Another great way to identify best practices is to leverage the insights offered by our Performance Analyzer, part of Workbook Tools for Tableau. It will examine all of your workbooks, worksheets, dashboards and data sources against a list of best practices to ensure that you’re using all the tips and tricks to guarantee your visualizations are moving at light speed.

As always, feel free to get in touch with us if you have any questions regarding performance or anything Tableau related! We’d be happy to help.

Contact Us!

Want More The Tableau Performance Checklist

  1. The Tableau Performance Checklist
  2. The Tableau Performance Checklist: Data – Keep Analysis Simple
  3. The Tableau Performance Checklist: Data – Bring in Only Needed Data
  4. The Tableau Performance Checklist: Data – Use ‘Describe’ to Explore
  5. The Tableau Performance Checklist: Data – Remove Unused Columns from Extracts
  6. The Tableau Performance Checklist: Data – Use One TDS File
  7. The Tableau Performance Checklist: Data – Use Extracts
  8. The Tableau Performance Checklist: Filtering – Minimize Quick Filters
  9. The Tableau Performance Checklist: Filtering – Avoid ‘Only Relevant Values’ in Quick Filters
  10. The Tableau Performance Checklist: Filtering – Avoid High-Cardinality Quick Filters
  11. The Tableau Performance Checklist: Filtering – Avoid Quick Filters That Drive Context Filters
  12. The Tableau Performance Checklist: Filtering – Keep Range Quick Filters Simple
  13. The Tableau Performance Checklist: Filtering – Use Dashboard Filter Actions
  14. The Tableau Performance Checklist: Filtering – Don’t Be Lazy with User Filters
  15. The Tableau Performance Checklist: Custom SQL – Limit in Live Connections
  16. The Tableau Performance Checklist: Custom SQL – Avoid Parameters
  17. The Tableau Performance Checklist: Custom SQL – Watch for Useless Clauses
  18. The Tableau Performance Checklist: Calculations – Use Calculated Fields Carefully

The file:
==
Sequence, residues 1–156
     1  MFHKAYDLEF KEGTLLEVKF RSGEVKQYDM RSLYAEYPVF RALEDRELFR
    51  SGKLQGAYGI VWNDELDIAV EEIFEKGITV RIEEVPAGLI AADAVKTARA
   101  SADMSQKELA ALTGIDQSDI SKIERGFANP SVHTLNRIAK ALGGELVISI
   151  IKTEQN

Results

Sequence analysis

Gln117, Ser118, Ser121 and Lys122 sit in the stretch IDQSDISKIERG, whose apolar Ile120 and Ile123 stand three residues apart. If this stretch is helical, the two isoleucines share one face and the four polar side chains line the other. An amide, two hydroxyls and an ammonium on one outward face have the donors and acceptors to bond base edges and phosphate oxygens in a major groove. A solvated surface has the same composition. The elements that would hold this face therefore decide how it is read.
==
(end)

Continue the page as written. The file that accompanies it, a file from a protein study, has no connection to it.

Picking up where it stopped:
19. The Tableau Performance Checklist: Calculations – Limit Blended Calculations
  20. The Tableau Performance Checklist: Calculations – Avoid Row-Level Calculations Involving Parameters
  21. The Tableau Performance Checklist: Rendering – Avoid High Mark Counts
  22. The Tableau Performance Checklist: Rendering – Limit Text Tables With Lots of Marks
  23. The Tableau Performance Checklist: Rendering – Minimize Image & Shape File Sizes
  24. The Tableau Performance Checklist: Rendering – Use Transparent Background PNGs
  25. The Tableau Performance Checklist: Local Computations – Server Performance
  26. The Tableau Performance Checklist: Local Computations – Table Calculations
  27. The Tableau Performance Checklist: Dashboard Layout – Limit Number of Worksheets
  28. The Tableau Performance Checklist: Dashboard Layout – Fix Dashboard Size

More About the Author

Tim Costello

Analytics Consultant
3 Reasons Why You Should Want a Data Warehouse I hear a lot of reasons people avoid a data warehouse: It takes too long to build, data warehouse projects are expensive and often end ...
The Tableau Performance Checklist: Filtering – Avoid High-Cardinality Quick Filters The next item in our Filtering checklist is: “Avoid high-cardinality quick filters (multi-select or drop-down lists). ...